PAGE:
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Masai Ujiri incident equally haunting as it is redeeming

What the new footage of the Raptors exec’s encounter with the officer shows

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Sometimes it feels like we really can’t have anything. In June 2019 in Oracle Arena, Toronto Raptors president of basketball operations Masai Ujiri’s life must have flashed before his eyes. At the most glorious moment of his career and perhaps life, his freedom, dignity and pride were nearly snatched from him by a courtside police officer — in a moment that was caught on video and is equally haunting as it is redeeming.

To quickly describe the exchange, new footage released Monday shows the officer, Alan Strickland, pushing Ujiri twice and Ujiri not backing down. And when the altercation had ended physically, the clip shows it was certainly nowhere close to over psychologically. In one frame, we see Ujiri, now an NBA champion, walking down onto the court to celebrate with the team he built. There’s a look on his face that every single Black person in America instantly understands. It’s the embarrassing blend of bemusement, confusion, shame but fortitude that sometimes overcomes you when you are faced with a white person in a position of authority who does not respect you.

There’s a look on the officer’s face that says one thing and one thing only: Stay in your place.

And while the dude in the green sweater is frantically trying to keep the peace, Ujiri, in the next 10 seconds, is coming to terms with basically his whole life. (Don’t even get me started about the old white couple pointing at him.) Every single Black person I know has been through this moment. “Am I seriously going to let this person flatly disrespect my agency and well-earned, never mind, well-deserved decency?” “Why am I even thinking about this?” Frustration, often fear, then the chilling feeling of resignation that this is just what it is. Racism ruins everything. And it is never our fault.

Sure, you can probably even say that neither the NBA, the Raptors nor Ujiri should have ever gotten close to that kind of scenario. But you would be wrong. You think it’s a coincidence that he’s currently the only brother running a team in the league? Here’s the thing: The security officers should be there to protect him from people. Not to protect themselves from him. But, yanno, Blackness abides.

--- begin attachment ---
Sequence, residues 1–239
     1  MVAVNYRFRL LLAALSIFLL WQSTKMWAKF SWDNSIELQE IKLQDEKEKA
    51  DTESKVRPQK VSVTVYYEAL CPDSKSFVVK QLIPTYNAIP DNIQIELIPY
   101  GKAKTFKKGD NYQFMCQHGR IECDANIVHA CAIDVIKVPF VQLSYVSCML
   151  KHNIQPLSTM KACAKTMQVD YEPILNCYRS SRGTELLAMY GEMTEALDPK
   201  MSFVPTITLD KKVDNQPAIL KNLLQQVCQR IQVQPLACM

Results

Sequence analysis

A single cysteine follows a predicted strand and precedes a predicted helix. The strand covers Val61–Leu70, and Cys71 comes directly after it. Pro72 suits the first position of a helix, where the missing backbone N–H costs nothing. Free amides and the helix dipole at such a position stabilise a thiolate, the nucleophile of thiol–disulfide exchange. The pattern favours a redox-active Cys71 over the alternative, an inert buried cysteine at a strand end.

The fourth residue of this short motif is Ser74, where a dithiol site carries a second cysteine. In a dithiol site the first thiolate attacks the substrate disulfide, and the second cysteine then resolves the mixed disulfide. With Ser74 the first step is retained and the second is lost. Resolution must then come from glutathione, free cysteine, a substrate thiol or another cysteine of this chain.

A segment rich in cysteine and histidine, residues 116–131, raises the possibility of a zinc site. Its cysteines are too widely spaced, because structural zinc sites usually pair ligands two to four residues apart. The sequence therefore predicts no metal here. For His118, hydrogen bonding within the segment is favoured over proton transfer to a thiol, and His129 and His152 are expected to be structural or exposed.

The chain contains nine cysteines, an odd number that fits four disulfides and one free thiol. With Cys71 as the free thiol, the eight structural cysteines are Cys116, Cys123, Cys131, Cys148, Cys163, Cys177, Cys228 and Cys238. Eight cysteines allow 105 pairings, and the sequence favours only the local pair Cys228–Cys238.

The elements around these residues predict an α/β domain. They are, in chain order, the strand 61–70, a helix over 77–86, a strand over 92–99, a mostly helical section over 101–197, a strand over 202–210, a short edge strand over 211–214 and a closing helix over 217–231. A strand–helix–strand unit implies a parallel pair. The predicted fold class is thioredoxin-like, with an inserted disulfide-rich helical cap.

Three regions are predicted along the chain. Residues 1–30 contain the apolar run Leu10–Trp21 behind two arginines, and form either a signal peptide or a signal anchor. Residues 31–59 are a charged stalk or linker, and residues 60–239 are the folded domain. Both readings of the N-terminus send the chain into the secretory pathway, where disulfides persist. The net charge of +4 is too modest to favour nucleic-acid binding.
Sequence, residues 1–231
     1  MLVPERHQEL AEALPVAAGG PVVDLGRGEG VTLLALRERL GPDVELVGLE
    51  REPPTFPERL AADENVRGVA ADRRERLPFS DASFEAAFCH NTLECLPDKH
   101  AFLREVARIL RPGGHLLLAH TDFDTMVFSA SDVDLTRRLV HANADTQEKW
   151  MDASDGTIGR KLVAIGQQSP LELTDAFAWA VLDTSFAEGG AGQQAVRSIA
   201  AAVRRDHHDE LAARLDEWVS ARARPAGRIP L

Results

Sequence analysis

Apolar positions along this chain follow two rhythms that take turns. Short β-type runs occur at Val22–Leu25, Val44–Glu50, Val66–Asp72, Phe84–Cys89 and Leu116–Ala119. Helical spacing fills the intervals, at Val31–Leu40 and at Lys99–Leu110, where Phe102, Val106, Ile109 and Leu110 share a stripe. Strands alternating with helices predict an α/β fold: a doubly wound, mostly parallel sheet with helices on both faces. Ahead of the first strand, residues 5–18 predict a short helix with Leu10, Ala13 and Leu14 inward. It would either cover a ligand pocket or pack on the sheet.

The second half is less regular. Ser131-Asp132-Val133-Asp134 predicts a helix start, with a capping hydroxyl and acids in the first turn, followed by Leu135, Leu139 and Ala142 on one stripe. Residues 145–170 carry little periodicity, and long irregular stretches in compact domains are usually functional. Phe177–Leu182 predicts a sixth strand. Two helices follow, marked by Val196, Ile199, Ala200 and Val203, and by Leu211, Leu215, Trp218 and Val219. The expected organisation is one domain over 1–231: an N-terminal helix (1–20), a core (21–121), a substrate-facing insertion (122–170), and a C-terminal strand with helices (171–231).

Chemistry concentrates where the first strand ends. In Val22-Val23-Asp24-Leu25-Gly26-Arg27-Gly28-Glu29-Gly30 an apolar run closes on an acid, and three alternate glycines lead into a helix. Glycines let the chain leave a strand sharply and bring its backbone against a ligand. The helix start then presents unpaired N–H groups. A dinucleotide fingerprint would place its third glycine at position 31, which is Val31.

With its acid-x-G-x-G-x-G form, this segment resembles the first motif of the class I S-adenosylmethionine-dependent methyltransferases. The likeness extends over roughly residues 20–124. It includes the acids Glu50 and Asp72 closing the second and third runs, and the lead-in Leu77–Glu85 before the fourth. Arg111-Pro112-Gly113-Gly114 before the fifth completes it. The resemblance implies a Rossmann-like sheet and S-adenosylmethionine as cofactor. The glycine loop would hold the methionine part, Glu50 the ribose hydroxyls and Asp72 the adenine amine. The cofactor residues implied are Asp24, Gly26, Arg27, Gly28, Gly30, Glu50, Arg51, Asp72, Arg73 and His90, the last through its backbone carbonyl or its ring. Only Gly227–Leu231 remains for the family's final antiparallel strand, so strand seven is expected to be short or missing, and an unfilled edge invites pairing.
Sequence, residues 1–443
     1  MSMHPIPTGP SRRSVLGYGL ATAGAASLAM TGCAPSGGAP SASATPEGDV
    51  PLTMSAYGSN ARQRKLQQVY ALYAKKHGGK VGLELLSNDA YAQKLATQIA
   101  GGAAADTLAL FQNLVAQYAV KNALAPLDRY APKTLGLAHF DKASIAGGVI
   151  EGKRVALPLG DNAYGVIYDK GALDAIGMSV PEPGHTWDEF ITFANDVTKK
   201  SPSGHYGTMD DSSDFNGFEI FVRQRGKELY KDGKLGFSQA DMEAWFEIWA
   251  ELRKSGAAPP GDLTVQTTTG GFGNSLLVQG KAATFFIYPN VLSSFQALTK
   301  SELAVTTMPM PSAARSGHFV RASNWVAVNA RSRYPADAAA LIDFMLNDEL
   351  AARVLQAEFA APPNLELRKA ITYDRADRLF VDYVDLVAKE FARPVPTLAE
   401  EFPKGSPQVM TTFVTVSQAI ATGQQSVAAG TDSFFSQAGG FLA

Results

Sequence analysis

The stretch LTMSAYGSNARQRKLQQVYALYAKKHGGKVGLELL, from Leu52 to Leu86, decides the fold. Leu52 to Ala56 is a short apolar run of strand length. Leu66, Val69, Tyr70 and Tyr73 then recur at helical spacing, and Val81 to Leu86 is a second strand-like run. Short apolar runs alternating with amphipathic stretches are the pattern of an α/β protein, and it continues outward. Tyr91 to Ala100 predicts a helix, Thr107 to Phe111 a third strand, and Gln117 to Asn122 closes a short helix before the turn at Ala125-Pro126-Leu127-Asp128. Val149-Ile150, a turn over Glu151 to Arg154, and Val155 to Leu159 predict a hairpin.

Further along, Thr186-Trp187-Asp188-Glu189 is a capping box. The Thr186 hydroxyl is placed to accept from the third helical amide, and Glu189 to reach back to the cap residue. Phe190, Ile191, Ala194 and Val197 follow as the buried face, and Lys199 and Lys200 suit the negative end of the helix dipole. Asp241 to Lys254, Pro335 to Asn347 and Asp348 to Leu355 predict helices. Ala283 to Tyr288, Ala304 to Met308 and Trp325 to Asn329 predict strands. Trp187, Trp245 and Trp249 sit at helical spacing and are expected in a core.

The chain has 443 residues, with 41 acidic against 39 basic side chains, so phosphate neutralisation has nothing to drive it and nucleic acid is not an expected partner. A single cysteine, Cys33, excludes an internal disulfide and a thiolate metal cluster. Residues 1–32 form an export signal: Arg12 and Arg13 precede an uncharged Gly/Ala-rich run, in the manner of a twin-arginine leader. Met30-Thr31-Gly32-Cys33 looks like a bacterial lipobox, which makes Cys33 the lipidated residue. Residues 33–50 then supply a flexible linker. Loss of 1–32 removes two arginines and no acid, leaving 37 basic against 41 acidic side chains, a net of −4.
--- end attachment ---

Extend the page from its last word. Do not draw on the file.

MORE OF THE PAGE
After all that emotion running high in the clip, something truly amazing happens. Kyle Lowry, the man who just had the game of his life to silence quite a few people who’d criticized his on-court consistency, saves the day. He reaches out and grabs his boss from the fray, removing him from the mass of people whom Ujiri was trying to navigate in the first place. Not to parse this too closely, but what happened next legit floored me when I saw it in real time.

Before that pick-me-up was done, the two were already in an embrace. Lowry was not just physically removing Ujiri from safety. He was protecting his pride, his respect: his Blackness. Two seconds later, with Lowry hugging him, Ujiri was looking back at what he’d been taken from. He was that close to being another Black man in jail in Alameda County, California, for not having a credential (he had one).

It’s almost impossible to understand how incredible this moment was from Lowry. Let me remind you that Lowry is the same one who dealt with an actual NBA minority owner shoving him on the sideline after a ball went out of bounds. From the front office all the way down the court, the Black body, in a league with ostensibly the Blackest populace of all pro major sports, gets little to no respect.

Lowry handled that situation with grace, and a level of diplomacy that only the highest-caliber players can. But what happened after Game 6 of the 2019 NBA Finals was different. He was protecting.

If your job is to secure the league and you don’t know who the president of basketball operations is for the team that just won the title, the fault is on the officer and/or NBA security, not on Ujiri.

At the time, it felt like too obvious an example of how the now gentrified San Francisco Warriors were being forced out of their hometown of Oakland, California, on the Blacker side of the bay.

That was two strikes on the Warriors’ home court in one series. Don’t let it get to three, because, oh, wait, never mind. That’s just a rule America made up to throw Black people in prison for the rest of their lives, in case you forgot.

Kawhi Leonard was a deserving and fantastic NBA Finals MVP. But for this series, Kyle Lowry was the hero.

At the highest risk and having already achieved the highest reward, Lowry told his friend Ujiri the most meaningfully safe thing he could have possibly heard at the time: “We over here.”

Because there’s nowhere else to be when you’re a winner.

Clinton Yates is a tastemaker at The Undefeated. He likes rap, rock, reggae, R&B, and remixes — in that order.